Texas Supreme Court Holds That Compounding Pharmacies Are Health Care Providers Under Texas Medical Liability Act, by Elinor H. Murarova, Duane Morris Health Law Blog
On April 24, 2015, the Texas Supreme Court dismissed claims against a compounding pharmacy and its individual pharmacists which alleged negligence in compounding a lipoic acid medication, finding that the defendants were health care providers entitled to the protections in the Texas Medical Liability Act (‘TMLA’).
In the case Randol Mill Pharmacy et al. v. Miller et al., Case No. 13-1014 (Tex. Sup. Ct.), the plaintiff’s physician prescribed and administered weekly intravenous injections of 200 mg/ml lipoic acid, an antioxidant supplement. The plaintiff alleged that she underwent nine weeks of treatment without incident, but in the tenth treatment she suffered a severe adverse reaction and as a result was hospitalized for several weeks, received multiple blood transfusions, and went permanently blind in both eyes. Randol Mill Pharmacy compounded the lipoic acid that allegedly caused the adverse reaction.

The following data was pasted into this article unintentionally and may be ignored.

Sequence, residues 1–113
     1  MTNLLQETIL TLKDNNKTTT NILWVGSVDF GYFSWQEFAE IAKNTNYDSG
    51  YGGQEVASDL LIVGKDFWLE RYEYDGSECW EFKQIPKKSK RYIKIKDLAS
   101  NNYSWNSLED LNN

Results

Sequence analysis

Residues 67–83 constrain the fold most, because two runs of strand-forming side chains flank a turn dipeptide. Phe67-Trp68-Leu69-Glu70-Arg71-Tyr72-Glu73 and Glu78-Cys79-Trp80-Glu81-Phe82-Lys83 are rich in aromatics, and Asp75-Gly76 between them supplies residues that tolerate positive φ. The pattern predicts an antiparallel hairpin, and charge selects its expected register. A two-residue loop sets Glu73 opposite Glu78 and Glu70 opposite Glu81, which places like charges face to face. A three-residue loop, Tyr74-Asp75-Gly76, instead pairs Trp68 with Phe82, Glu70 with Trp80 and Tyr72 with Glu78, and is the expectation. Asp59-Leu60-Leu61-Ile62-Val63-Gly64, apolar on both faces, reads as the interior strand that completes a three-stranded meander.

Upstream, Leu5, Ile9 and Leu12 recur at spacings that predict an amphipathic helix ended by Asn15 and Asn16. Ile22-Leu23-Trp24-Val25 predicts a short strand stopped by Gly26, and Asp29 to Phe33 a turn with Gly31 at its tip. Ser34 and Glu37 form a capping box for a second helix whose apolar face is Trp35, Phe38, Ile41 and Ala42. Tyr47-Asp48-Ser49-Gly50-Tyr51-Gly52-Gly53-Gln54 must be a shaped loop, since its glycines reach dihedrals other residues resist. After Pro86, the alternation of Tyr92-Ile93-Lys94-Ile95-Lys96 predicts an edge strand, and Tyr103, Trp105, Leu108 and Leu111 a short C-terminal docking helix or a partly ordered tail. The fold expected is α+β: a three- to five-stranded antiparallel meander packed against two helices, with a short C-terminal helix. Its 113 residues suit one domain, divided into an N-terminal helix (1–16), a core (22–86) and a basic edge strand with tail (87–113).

In her complaint against the compounding pharmacy and its individual pharmacists, the plaintiff alleged that these defendants gave inadequate and inappropriate warnings and instructions for using the compounded lipoid acid; that the compounded lipoid acid was defective, ineffective and unreasonably dangerous; and that the compounding pharmacy and pharmacists generally breached implied warranties with respect to the design, manufacture, inspection, marketing, and/or distribution of the compounded lipoid acid. . . .